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VICE-PRESIDENT Kembo Mohadi has urged African countries to prioritise universal healthcare systems in order to achieve the United Nations’ crafted Sustainable Development Goals.
BY NOKUTHABA DLAMINI
Mohadi said this while officiating at the 67th East, Central and Southern African Health Community Health ministers’ conference in Victoria Falls yesterday.
The conference is meant to address challenges faced by citizens and contributing towards the attainment of the highest standards of physical, mental and social well-being of African people.
Mohadi said the theme of the conference, Universal Health Coverage: Addressing the Health Needs of the Underserved, resonated with the desire for universal access to healthcare.
“As leaders in our different stations, we are obliged to come up with an initiative that ensures people have access to affordable, appropriate and quality healthcare,” he said.
“While we strive for economic development, it is imperative for us to note that social development is unachievable without the access to affordable, appropriate and quality health care.”
Mohadi said the government had been setting up initiatives to fight common diseases so that treatment is universal and easily affordable, including National Aids Trust Fund, together with prepaid health insurance for formally employed people.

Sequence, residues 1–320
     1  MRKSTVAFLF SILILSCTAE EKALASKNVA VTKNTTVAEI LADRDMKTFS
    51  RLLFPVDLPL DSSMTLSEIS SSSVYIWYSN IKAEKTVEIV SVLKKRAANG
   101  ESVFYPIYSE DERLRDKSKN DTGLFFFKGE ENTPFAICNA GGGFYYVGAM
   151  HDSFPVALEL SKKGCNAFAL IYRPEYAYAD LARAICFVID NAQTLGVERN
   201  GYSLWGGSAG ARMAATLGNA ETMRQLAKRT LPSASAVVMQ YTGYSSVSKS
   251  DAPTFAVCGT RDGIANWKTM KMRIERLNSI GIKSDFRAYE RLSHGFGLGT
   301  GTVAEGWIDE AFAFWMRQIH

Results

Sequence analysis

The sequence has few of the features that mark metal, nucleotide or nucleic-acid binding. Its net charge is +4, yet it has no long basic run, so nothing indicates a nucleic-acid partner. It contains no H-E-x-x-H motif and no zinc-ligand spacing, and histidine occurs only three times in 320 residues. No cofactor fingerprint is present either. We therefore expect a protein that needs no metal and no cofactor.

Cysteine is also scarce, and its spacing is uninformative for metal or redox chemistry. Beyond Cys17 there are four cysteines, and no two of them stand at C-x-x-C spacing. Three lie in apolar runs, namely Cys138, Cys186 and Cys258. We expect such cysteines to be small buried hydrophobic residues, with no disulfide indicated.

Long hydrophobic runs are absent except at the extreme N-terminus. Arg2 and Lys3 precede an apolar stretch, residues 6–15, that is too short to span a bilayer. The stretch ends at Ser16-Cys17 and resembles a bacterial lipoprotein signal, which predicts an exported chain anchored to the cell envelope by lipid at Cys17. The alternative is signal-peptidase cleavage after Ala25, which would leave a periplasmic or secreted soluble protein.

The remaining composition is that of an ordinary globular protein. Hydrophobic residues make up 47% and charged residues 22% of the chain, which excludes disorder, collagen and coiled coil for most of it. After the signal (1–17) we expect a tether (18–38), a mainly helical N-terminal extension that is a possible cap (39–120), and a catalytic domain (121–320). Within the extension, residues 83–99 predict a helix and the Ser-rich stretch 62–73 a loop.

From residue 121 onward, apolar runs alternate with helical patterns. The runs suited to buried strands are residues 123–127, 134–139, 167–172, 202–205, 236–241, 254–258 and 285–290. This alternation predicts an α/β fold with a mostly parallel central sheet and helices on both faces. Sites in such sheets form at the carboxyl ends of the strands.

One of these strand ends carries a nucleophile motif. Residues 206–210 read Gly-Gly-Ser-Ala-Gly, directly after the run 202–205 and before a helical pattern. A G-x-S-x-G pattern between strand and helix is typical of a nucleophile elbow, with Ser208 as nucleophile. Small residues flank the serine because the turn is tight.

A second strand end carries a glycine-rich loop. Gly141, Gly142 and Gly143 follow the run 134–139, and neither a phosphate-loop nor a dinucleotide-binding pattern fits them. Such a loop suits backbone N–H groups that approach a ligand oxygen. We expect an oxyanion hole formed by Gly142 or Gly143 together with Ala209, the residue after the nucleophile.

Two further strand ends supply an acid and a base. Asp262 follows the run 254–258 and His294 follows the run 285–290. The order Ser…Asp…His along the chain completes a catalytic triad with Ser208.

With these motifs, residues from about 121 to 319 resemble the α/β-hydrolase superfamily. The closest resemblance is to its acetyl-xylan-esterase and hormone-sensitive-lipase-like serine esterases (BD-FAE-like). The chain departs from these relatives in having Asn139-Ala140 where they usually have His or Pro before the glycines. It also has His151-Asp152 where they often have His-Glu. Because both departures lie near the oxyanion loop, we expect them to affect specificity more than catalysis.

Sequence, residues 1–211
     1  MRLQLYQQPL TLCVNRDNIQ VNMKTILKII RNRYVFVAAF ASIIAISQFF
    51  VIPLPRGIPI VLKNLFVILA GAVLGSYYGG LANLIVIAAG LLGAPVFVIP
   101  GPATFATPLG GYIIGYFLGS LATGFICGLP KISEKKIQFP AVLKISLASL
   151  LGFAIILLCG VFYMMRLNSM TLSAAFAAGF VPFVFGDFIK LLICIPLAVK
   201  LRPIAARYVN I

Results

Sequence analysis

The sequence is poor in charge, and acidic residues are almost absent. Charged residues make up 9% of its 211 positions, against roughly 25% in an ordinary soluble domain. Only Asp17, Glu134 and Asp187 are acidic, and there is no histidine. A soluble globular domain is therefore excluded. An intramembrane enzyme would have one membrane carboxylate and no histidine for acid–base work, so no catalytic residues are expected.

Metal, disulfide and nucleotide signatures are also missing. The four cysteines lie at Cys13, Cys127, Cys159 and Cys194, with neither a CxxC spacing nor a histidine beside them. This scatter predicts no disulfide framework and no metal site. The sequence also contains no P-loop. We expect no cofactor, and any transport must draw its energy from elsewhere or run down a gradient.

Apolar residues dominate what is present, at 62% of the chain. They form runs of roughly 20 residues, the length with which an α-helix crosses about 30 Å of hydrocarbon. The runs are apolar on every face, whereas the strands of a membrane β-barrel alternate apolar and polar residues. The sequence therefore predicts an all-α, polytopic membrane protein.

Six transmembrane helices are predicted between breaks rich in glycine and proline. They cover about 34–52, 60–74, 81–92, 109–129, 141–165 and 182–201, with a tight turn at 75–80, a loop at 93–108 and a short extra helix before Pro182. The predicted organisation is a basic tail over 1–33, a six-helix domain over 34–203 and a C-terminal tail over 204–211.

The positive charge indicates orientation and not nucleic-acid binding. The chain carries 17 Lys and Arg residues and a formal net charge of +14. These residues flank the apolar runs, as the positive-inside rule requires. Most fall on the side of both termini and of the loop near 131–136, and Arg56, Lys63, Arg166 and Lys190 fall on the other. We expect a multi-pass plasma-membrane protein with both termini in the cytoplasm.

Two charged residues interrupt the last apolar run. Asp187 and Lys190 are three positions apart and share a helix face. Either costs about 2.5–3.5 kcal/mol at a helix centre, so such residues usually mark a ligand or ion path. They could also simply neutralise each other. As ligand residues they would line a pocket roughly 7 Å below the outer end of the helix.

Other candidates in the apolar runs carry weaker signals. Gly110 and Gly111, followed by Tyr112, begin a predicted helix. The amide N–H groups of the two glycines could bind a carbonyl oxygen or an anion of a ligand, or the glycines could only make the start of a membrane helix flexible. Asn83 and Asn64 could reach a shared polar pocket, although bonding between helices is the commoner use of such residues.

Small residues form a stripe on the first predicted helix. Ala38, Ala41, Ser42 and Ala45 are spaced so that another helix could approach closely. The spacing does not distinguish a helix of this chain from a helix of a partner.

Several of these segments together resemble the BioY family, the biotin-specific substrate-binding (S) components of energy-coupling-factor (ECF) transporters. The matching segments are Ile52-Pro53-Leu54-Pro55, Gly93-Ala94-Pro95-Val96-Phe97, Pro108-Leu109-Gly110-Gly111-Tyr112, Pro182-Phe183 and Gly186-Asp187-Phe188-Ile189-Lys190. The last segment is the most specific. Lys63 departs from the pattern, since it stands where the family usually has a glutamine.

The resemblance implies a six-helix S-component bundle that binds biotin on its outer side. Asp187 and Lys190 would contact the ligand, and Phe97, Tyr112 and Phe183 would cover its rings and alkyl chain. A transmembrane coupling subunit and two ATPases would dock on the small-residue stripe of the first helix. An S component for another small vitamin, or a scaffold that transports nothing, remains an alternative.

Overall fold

“Zimbabwe is on the verge of introducing a law to compel every sector to provide health insurance for its workers. This will be achieved through innovatively crafted packages. Further, a national health insurance for the indigent is being put in place. Government has also set up a health levy based on 5% tax on mobile airtime and data usage. Through this initiative, government realises close to $4 million monthly. We have used this to make blood and dialysis services free to our citizens as well as improve on medicines availability in our public health institutions,” he said.
“Our health services take the primary healthcare approach and we are strengthening this approach by further decentralising from rural health centres to village health posts, which offer a suitable package of services supported by higher levels of care in the system. This is an attempt to bring the delivery of health services as close to citizens as possible.”
He said the government was generating funds through the National Health Accounts and National Aids Spending Assessment and they were confident that such approaches to financing healthcare were going to help the country move toward transitioning from reliance on donor support to a largely domestic-based resourcing for effective universal healthcare in the country.
The conference aims at promoting highest standards of health for the individuals, families and communities through advocacy, capacity building, brokerage, co-ordination, inter-sectoral collaboration and harmonisation and health policies and programmes.
The conference, which comes at a time when the cost of medical care has shot through the roof, ends tomorrow.